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This Week in Science: Feb 12, 2016

In Science this week, a multi-institute research team links Neanderthal-derived DNA with diseases in modern-day humans including ones affecting the immune system, the skin, and mood. Previous studies have suggested that Neanderthals and anatomically modern humans interbred, while others have identified Neanderthal genetic variants in the modern human genome. By comparing a recent genome-wide map of Neanderthal haplotypes with health records of 28,000 adults of European ancestry, the researchers uncovered about 135,000 Neandertal SNPs in modern-day humans. Additional analysis showed that Neanderthal alleles were significantly correlated with the risk for 12 traits including depression, myocardial infarction, and blood disorders. The investigators suggest that the alleles may have provided some benefit to early modern human populations, but became detrimental later on. GenomeWeb has more on this here.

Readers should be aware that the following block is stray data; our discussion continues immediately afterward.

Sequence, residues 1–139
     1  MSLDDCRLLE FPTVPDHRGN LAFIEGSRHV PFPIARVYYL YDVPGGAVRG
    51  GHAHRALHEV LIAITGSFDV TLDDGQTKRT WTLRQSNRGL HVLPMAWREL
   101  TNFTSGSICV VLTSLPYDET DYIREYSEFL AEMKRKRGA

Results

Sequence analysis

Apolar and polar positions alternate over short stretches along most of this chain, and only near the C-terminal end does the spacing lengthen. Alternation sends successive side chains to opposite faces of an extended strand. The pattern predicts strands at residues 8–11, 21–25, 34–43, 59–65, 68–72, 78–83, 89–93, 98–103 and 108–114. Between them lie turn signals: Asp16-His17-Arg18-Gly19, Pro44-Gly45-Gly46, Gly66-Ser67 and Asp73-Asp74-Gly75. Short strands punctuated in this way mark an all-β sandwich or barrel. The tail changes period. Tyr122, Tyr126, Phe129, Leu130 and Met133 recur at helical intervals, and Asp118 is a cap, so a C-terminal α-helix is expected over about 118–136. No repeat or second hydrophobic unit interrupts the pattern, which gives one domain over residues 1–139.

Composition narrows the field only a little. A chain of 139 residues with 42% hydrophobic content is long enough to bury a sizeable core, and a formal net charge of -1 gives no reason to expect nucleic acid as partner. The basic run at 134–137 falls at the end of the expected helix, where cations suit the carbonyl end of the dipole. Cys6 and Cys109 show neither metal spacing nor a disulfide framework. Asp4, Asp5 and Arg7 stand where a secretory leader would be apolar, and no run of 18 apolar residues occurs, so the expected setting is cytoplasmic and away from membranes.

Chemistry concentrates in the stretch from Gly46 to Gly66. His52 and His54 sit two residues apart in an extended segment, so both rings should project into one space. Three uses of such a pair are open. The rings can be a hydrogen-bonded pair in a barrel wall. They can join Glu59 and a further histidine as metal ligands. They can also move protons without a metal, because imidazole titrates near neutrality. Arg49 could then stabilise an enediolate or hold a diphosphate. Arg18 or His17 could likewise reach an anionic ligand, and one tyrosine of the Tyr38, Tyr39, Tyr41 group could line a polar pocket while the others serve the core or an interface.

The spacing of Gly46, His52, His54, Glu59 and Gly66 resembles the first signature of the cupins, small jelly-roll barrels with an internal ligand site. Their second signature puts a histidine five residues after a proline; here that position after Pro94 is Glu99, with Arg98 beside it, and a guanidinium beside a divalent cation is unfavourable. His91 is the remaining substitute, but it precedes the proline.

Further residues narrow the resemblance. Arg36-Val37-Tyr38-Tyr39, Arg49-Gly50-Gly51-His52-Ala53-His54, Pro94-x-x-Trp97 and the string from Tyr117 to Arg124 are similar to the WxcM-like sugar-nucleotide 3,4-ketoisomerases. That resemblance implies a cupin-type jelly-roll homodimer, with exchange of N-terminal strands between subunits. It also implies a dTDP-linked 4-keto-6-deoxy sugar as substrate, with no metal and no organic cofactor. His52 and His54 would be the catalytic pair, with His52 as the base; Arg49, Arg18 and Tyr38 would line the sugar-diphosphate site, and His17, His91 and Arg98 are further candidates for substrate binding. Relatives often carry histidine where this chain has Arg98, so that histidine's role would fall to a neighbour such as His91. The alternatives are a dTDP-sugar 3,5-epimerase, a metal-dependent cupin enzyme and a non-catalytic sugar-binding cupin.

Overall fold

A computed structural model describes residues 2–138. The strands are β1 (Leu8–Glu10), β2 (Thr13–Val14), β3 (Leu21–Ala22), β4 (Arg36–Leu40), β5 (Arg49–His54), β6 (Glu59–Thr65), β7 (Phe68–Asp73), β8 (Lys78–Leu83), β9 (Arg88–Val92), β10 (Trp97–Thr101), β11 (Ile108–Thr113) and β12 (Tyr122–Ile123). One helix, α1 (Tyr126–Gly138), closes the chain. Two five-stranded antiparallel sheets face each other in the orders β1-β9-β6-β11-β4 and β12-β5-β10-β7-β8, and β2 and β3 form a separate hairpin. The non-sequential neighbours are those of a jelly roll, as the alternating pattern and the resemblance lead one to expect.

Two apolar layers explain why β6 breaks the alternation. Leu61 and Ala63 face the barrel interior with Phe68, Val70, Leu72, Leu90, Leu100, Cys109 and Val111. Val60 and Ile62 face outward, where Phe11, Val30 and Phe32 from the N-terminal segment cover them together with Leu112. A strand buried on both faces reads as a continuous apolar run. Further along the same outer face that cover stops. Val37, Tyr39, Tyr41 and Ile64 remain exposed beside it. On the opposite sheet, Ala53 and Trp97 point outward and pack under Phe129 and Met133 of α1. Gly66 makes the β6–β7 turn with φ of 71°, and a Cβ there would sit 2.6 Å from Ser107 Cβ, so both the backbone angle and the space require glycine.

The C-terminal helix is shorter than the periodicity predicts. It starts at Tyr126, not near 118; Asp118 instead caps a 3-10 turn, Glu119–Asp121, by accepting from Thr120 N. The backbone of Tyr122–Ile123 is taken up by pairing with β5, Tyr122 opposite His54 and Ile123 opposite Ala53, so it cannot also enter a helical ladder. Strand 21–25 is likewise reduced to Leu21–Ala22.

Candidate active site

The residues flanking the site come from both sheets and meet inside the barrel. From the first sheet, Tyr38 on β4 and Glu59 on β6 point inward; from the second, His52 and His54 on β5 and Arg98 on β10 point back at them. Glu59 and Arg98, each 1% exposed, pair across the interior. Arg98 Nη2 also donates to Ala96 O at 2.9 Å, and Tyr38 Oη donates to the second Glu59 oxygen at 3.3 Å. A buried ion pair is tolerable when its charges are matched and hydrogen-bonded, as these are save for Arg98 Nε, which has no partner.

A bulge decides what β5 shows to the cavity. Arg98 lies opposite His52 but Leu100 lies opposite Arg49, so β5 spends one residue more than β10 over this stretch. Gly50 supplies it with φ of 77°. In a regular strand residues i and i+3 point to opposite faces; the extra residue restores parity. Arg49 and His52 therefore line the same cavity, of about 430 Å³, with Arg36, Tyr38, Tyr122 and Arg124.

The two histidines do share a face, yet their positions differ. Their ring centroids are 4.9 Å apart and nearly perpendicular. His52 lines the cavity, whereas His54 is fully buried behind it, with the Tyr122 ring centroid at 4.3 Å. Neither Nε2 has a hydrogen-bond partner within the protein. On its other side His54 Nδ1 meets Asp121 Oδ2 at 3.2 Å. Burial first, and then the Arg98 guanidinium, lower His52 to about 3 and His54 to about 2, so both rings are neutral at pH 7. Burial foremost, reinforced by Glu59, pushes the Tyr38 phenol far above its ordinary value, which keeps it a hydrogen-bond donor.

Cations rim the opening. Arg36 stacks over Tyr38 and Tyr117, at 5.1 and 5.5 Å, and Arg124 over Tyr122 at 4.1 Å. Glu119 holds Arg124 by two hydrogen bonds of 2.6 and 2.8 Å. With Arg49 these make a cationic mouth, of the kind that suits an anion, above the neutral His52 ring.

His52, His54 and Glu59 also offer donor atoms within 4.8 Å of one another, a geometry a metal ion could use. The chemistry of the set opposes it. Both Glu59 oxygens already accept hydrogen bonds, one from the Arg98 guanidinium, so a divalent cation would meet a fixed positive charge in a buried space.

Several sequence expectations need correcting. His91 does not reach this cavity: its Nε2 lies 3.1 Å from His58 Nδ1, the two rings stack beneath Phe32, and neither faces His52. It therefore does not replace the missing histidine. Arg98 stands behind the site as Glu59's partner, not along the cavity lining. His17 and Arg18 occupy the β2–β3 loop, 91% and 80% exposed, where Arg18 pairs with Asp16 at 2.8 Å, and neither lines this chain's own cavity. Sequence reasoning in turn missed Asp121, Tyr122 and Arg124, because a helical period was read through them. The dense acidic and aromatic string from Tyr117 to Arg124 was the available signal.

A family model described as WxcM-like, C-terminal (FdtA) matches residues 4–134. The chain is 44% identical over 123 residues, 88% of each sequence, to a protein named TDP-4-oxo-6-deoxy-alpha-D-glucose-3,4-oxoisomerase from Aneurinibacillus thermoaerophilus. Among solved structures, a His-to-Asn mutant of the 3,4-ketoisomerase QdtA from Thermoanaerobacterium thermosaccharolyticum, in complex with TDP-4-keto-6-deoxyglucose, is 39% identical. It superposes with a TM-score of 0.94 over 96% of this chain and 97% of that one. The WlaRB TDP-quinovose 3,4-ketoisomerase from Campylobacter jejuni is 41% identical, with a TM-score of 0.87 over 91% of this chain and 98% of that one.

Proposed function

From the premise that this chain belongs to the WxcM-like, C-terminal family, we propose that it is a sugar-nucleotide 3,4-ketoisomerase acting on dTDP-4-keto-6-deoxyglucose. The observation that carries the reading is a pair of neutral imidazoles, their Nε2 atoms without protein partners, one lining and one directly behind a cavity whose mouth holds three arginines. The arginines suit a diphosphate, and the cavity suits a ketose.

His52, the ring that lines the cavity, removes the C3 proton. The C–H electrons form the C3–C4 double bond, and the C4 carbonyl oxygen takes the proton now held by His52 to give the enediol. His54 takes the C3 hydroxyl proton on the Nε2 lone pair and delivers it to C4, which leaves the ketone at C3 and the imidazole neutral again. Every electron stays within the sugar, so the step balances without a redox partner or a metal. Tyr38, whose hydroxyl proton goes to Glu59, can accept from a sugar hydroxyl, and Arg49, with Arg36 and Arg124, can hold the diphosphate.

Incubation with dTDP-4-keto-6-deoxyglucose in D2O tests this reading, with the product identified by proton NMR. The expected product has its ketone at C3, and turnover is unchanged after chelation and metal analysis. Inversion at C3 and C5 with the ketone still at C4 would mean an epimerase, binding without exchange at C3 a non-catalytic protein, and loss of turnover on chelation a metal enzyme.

Also in Science, a group from the University of Rochester reviews the state of research around two types of transposable elements — long interspersed elements (LINEs) and short interspersed elements (SINEs), both of which transpose via an RNA intermediate. The researchers discuss how these two retrotransposons have expanded in eukaryotic genomes and influence genome evolution, and examine recent data indicating that LINEs and SINEs regulate gene expression by affecting chromatin structure, gene transcription, pre-mRNA processing, or aspects of mRNA metabolism.